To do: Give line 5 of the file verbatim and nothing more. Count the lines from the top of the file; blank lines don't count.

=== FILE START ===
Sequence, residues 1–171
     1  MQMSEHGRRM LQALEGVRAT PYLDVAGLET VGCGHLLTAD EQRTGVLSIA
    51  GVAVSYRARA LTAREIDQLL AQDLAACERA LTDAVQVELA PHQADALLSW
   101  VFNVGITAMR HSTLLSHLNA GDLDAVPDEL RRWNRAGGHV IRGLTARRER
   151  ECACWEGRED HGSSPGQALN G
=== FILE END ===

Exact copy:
   151  ECACWEGRED HGSSPGQALN G